Becky Watts killers received £400,000 in legal aid
The killers of Bristol teenager Becky Watts were granted more than £400,000 in legal aid, a Freedom of Information request has revealed.
Becky, 16, was murdered by her stepbrother during a sexually-motivated kidnapping on 19 February last year.
Nathan Matthews was jailed for life and his girlfriend Shauna Hoare was given 17 years for manslaughter.
The Ministry of Justice said the figure reflected all of Matthews' costs but further bills were due for Hoare.
Becky was reported missing on 20 February 2015 and her remains were found in suitcases in a shed nearly two weeks later.
Her aunt, Sarah Broom, said the family was disgusted that Matthews and Hoare are seeking to appeal against their convictions and sentences, which would cost the taxpayer even more money.
Matthews was granted £324,549 in legal aid, which included £2,261 before the trial, £180,808 for a solicitor during the trial and £141,479 for an advocate.
Hoare received £1,044 before the trial, £6,987 for a solicitor during the trial and £69,668 for an advocate.
'Legal aid critical'
Anyone facing a crown court trial is eligible for legal aid, subject to a means test.
A spokeswoman for the Law Society said: "The purpose of the criminal court system is to ensure justice for all by convicting the guilty and protecting the innocent.
"Criminal legal aid is critical for ensuring that anyone accused of wrongdoing has a fair trial.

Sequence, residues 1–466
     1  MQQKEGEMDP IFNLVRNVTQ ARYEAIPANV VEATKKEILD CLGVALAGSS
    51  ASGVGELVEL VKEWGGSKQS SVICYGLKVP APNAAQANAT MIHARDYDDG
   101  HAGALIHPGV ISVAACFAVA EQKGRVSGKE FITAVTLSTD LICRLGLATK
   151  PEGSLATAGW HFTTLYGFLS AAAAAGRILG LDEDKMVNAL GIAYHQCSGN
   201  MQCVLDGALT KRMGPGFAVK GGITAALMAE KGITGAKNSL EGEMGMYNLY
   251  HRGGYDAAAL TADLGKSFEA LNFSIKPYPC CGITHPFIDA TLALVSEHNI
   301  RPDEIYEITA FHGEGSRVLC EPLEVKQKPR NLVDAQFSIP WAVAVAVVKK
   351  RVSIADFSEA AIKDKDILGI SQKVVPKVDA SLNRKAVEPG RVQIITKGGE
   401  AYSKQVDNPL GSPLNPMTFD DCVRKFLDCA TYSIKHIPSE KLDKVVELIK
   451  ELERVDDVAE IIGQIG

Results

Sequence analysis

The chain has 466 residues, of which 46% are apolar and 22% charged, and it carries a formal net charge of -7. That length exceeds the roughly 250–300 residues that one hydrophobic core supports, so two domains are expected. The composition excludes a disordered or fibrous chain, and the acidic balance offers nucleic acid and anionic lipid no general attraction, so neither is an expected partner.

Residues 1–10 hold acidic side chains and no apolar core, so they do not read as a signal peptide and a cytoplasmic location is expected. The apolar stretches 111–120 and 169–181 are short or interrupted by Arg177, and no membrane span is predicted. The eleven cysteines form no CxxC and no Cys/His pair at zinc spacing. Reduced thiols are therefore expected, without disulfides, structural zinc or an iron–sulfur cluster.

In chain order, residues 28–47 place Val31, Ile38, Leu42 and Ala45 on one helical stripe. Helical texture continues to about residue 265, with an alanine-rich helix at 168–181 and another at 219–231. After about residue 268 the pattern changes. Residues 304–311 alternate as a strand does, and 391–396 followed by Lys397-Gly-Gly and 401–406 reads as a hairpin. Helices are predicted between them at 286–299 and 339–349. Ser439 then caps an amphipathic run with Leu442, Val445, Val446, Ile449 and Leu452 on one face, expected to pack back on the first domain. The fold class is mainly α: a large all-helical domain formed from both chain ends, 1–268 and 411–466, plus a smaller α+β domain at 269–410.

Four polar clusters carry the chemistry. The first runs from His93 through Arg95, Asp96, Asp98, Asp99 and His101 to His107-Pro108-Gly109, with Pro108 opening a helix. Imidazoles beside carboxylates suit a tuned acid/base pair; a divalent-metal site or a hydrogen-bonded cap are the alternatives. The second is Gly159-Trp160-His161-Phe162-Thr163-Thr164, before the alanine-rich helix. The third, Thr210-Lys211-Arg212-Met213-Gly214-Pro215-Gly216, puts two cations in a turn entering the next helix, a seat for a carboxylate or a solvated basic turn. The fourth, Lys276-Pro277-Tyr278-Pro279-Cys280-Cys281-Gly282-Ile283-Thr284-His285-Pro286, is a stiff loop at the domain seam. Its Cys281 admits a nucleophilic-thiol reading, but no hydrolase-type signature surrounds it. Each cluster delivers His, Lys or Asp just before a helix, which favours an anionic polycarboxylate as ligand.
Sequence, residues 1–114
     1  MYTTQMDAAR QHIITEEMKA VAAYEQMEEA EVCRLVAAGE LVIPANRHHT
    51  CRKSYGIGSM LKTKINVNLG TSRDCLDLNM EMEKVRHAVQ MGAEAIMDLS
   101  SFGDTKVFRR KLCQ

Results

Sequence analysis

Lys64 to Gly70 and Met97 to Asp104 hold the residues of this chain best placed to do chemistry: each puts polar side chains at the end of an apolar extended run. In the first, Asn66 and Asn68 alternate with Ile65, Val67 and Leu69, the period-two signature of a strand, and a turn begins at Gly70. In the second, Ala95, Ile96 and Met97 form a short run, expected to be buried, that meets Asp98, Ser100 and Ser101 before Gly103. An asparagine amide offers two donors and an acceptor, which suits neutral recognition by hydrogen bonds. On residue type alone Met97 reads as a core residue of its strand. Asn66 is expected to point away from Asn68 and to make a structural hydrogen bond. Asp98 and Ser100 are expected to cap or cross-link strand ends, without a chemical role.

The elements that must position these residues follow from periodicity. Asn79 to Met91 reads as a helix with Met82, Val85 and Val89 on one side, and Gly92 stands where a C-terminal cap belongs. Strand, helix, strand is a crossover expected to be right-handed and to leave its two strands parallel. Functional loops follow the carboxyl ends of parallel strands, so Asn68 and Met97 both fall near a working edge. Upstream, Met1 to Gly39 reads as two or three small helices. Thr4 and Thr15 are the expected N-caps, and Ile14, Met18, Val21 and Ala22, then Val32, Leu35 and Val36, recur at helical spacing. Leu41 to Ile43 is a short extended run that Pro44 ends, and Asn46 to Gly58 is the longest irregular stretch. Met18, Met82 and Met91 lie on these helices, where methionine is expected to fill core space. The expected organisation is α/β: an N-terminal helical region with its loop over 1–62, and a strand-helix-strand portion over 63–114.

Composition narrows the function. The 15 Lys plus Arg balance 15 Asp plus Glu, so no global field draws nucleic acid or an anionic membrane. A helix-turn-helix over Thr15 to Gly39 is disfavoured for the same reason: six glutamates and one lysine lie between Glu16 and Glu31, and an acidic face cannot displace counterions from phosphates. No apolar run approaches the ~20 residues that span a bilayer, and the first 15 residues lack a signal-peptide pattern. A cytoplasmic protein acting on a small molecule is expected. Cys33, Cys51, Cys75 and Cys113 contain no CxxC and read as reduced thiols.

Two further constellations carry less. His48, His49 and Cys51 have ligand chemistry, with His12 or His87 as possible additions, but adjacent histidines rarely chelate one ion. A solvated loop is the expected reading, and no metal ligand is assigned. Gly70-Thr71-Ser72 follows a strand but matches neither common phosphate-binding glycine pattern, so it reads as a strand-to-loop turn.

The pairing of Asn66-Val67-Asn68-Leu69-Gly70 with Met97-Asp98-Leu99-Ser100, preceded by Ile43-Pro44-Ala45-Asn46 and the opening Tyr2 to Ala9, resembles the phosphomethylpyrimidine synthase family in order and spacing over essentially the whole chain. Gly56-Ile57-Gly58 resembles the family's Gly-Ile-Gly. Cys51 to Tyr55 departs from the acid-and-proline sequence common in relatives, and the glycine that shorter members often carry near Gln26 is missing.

"Of those who plead not guilty in the crown court, well over half are acquitted, which is why people accused of wrongdoing must be given access to good quality legal help, whatever their means."
The UK spent £1.7bn on legal aid in 2014-15 and a major reform of the system was scrapped in January.
But a spokesman for the Ministry of Justice said expenditure had fallen by more than 20% since 2010.
"Anyone facing a crown court trial is eligible for legal aid, subject to a strict means test, but may be required to pay significant contributions - up to the entire cost of their defence.
"The government has cut the fees paid to lawyers in criminal legal aid cases, such as these, to ensure legal aid represents better value for the taxpayer."
The trial of Matthews and Hoare, which included four other defendants, cost the Crown Prosecution Service £105,207.49.